2. Trail Crossings

We’ve got two great trails in Kitchener-Waterloo that can play an important part of the aforementioned cycletrack network we need. The Iron Horse Trail and the Spurline Trail are wonderful multi-use paths that connect our two cities. They are both a joy to ride and offer a reprieve from the stress of having to deal with drivers on our streets. The only problem is that when they meet roadways, it all falls apart. Trail users are directed to “look both ways” and then attempt to cross when there aren’t any vehicles in sight. Cars have the right of way at these “crossings”. I use the trail every day, and on many occasions have almost been hit. Even when I think the coast is clear, cars come speeding around the bend, much higher than the posted limit, and I’m left scrambling to get to the other side. Luckily I can get around quickly, but not everyone can. I’ve seen kids have challenges. I’ve also see people using mobility devices struggle. It’s terribly dangerous, and I’m at a loss as to why it’s taking so long for our decision makers to do something about it. Someone is going to get hurt. One particular trail crossing, Spurline at Union, is particularly dangerous. Both the City of Waterloo and the Region of Waterloo are aware of the problem, but they aren’t doing anything – or, at least, they aren’t communicating their plan. At this point, the inaction is negligence. I wrote about it more than two years ago. More importantly, some KIDS wrote about how they find the crossing dangerous. They even got a speedometer to document the outrageous speeds people drive. Let’s not keep these kids waiting and build the crossing infrastructure that should have been there in the first place. Responding with silence to such exemplary civic engagement from these children is disappointing, and I think we can do better.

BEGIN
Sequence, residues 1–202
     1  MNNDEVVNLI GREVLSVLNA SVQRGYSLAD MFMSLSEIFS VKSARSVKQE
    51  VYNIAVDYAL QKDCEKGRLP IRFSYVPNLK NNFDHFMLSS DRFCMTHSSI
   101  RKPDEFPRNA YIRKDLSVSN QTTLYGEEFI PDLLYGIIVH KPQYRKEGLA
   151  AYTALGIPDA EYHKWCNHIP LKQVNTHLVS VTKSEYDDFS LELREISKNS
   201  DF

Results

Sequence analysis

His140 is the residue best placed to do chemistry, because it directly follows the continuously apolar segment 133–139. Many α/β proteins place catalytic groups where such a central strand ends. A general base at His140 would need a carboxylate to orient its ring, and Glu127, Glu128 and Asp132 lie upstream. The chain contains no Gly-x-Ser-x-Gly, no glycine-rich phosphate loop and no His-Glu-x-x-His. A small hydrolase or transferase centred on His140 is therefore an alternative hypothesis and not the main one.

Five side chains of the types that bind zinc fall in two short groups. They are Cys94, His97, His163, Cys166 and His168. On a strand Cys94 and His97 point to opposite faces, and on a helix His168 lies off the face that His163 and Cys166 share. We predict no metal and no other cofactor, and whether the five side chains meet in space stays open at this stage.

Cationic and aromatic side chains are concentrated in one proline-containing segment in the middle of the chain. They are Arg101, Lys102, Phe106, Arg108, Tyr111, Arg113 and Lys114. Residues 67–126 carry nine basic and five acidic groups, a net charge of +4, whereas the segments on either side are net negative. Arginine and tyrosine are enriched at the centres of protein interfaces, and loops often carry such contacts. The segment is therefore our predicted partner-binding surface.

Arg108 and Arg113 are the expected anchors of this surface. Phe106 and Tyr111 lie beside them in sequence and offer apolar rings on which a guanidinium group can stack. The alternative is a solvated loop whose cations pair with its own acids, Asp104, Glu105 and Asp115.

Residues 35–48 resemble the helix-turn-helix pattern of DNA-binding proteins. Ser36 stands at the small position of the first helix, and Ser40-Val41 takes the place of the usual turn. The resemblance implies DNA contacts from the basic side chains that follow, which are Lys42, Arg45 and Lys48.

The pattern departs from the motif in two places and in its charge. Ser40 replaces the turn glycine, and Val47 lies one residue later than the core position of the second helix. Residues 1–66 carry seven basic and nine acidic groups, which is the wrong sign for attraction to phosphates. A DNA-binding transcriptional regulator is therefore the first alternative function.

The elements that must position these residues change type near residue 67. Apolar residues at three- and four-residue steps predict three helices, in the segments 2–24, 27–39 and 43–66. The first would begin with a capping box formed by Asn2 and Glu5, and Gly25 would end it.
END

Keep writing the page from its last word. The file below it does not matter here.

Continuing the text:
3. Bike Parking